Josh McDowell Ministry 2018

341

Psychology, April 1988, http://onlinelibrary.wiley.com/wol1/doi/10.1111/j.15591816.1988.tb00027.x/abstract) (Luke Gilkerson, “Your Brain on Porn”, Covenant Eyes, Accessed July 29, 2016, http://www.covenanteyes.com/brain-ebook/)

“A recent University of Sydney study, in which two professors surveyed more than 800 men, found that excessive porn consumption was reported by almost half the respondents (85 per cent of whom were married or in a relationship), and was harming their professional success and relationships.” (Naomi Wolf, “How Porn is Destroying Modern Sex Lives, Feminist Writer Naomi Wolf has an Unsettling Explanation for why Britons are Having Less Sex,” Your Brain on Porn.com, December 12, 2013, http://www.yourbrainonporn.com/how-porn-destroying-modern-sex-lives-feministwriter-naomi-wolf-has-unsettling-explanation-why)

“…because men are exposed to pornography at a younger age, consume more pornography, and are more likely to encounter problems compared with women.” (Hald GM. Gender differences in pornography consumption among young heterosexual Danish adults. Arch Sex Behav. 2006;35(5):577-585. RossMW, Månsson S-A, Daneback K. Prevalence, severity, and correlates of problematic sexual Internet use in Swedish men and women. Arch Sex Behav. 2012;41(2):459-466) (Simone Kühn, PhD; Jürgen Gallinat, PhD, “Brain Structure and Functional Connectivity Associated with Pornography Consumption,” JAMA Psychiatry. 2014;71(7):827834, http://archpsyc.jamanetwork.com/article.aspx?articleid=1874574)

“Men have long believed that what arouses them to orgasm is ironclad evidence of their sexual orientation. Therefore, it can be especially distressing to escalate through shifting porn fetishes that ultimately cast doubt on sexual orientation. Yet such escalation to unexpected tastes is surprisingly common today, especially among young people who grew up dabbling in ‘anything-goes’ tube sites from an early age.” (Gary Wilson, “Your Brain on Porn,” Commonwealth Publishing, 2014, p55)

“Over the past few decades, experimental and correlational research has focused on variables associated with pornography exposure. The most prominent of these is sexual aggression. In their review of more than 50 experimental studies and meta-analyses, Malamuth, Addison, and Koss (2000) conclude pornography exposure has a causal but complicated relationship with aggressive behavior; the link between pornography and sexual aggression is much stronger in men with predisposing risk factors such as high rape myth acceptance and low empathy. The associations between pornography and sexual aggression are also present in women. In experimental studies with women, violent pornography exposure, especially

Josh McDowell Ministry 2018

342

in combination with alcohol intoxication, is associated with increased ratings of blame for rape victims, decreased assignment of responsibility to male sexual assault perpetrators, and the belief that victims should accept sexual victimization (Davis, Norris, George, Martell, & Heiman, 2006; Norris, Davis, George, Martell, & Heiman, 2004). Moreover, both men’s and women’s use of pornography has been associated with a decreased selfreported likelihood that they will intervene to prevent sexual assault (Brosi, Foubert, Bannon, & Yandell, 2011; Foubert, Brosi, & Bannon, 2011). Taken together, results support decades-old assertions that pornographic media contribute to a culture of sexual callousness, especially toward violence against women (Zillmann & Bryant, 1982).” (John D. Foubert and Ana J. Bridges, “What is the Attraction? Porngraphy Use Motives in Relation to Bystander Intervention”, Oklahoma State University, 2015, https://www.ncbi.nlm.nih.gov/pubmed/26209307)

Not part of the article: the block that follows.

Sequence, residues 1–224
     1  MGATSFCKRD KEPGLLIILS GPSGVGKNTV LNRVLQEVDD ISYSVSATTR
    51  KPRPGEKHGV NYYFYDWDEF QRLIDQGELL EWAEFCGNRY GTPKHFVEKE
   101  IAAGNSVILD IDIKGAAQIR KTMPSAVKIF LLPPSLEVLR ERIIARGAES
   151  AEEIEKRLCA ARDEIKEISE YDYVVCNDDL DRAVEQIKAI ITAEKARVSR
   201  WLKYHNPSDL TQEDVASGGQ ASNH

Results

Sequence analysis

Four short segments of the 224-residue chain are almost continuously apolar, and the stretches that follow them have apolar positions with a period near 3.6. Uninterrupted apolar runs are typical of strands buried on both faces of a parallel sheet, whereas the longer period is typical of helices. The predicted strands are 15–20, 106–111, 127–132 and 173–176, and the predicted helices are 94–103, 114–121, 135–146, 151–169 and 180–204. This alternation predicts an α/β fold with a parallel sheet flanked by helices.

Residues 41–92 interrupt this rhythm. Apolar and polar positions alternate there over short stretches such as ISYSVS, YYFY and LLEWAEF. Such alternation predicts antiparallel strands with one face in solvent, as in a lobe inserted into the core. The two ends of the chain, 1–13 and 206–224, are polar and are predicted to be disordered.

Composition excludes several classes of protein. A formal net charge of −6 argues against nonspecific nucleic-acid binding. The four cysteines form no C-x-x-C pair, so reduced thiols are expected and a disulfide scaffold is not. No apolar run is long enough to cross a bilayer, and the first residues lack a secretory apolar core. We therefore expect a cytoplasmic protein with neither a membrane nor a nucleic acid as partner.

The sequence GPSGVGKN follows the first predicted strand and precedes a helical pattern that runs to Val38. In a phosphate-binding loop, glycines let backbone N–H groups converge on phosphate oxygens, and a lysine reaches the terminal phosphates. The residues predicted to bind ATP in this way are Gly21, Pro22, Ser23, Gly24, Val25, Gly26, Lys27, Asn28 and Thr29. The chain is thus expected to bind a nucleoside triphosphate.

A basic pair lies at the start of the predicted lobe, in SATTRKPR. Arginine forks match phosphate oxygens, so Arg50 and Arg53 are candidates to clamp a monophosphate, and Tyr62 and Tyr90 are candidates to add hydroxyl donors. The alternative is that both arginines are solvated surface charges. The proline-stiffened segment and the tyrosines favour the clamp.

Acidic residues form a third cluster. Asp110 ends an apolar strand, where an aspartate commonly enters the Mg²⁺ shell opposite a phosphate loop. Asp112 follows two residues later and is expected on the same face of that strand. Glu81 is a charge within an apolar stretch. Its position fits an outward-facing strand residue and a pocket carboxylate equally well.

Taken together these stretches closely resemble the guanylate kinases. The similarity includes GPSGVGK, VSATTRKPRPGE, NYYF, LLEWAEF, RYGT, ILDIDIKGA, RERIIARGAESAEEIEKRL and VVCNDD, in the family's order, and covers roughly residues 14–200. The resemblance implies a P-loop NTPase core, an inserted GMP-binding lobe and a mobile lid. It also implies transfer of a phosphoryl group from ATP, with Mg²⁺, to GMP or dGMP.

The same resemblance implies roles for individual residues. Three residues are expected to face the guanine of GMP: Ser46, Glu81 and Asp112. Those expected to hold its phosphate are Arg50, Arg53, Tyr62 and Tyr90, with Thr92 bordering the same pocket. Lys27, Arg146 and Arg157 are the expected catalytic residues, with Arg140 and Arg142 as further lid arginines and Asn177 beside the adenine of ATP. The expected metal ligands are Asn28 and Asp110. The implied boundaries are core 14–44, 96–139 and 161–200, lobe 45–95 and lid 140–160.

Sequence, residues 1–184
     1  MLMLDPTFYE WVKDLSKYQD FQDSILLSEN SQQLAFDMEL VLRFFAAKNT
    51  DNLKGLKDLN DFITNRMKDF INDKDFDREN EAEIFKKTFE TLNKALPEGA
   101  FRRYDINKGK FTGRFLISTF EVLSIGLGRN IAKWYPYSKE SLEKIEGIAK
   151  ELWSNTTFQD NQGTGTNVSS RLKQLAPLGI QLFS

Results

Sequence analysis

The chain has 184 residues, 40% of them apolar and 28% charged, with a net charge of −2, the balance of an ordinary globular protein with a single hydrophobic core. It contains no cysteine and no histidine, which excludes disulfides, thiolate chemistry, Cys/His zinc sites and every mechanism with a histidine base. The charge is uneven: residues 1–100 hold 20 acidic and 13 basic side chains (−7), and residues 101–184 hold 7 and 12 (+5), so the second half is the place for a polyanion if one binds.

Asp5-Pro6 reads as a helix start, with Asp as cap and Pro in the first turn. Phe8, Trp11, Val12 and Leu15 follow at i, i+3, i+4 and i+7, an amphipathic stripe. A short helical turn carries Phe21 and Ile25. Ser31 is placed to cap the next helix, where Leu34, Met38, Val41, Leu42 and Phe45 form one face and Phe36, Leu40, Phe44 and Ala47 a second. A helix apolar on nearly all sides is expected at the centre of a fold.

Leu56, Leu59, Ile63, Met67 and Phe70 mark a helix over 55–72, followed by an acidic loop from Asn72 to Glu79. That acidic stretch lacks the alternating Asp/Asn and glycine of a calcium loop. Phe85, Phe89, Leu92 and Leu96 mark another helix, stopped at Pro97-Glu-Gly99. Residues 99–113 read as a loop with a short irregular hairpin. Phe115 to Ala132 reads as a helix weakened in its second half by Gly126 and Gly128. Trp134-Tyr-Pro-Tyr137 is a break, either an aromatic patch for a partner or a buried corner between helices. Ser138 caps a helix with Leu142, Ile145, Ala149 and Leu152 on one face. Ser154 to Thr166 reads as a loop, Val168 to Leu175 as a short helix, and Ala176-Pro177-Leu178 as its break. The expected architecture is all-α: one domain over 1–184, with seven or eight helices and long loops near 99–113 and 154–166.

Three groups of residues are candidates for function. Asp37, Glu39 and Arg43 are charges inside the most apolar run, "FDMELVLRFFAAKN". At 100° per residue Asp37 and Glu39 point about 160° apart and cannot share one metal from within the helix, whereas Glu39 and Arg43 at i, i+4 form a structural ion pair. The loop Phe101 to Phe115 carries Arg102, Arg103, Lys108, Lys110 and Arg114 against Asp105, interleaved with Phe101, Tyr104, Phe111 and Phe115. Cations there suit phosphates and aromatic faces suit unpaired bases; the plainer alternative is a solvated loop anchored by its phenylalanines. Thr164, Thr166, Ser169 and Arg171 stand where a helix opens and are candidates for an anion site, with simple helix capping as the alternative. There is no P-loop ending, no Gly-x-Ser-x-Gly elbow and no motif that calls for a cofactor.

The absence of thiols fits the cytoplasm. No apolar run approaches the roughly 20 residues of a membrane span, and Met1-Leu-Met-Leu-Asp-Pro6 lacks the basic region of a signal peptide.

“Hussey said men’s sexuality is often affected in ways that real sex, even in relationships, becomes boring. Women in porn have ‘perfect’ bodies, videos are well-lit and the sexual retelling is fine-tuned and edited. ‘It’s all power and pumping and exactly what somebody wants it to be on a fantasy level, but real-life sex is kind of a letdown comparatively for people because it doesn’t have said production value,’ Hussey said. ‘... It really kind of screws up the ability for someone to enjoy real sex.’ Hussey said he’s heard men say that women in real life don’t turn them on, or that they won’t do what they like women in porn to do. Men feel detached from real sex, and it’s more of a letdown on the fantasy and visual stimulation level.” (Heather Schroering, “The Porn Problem,” Chicago Tribune, July 14, 2015, www.chicagotribune.com/news/redeye-porn-addiction-20150714-story.html#page=1)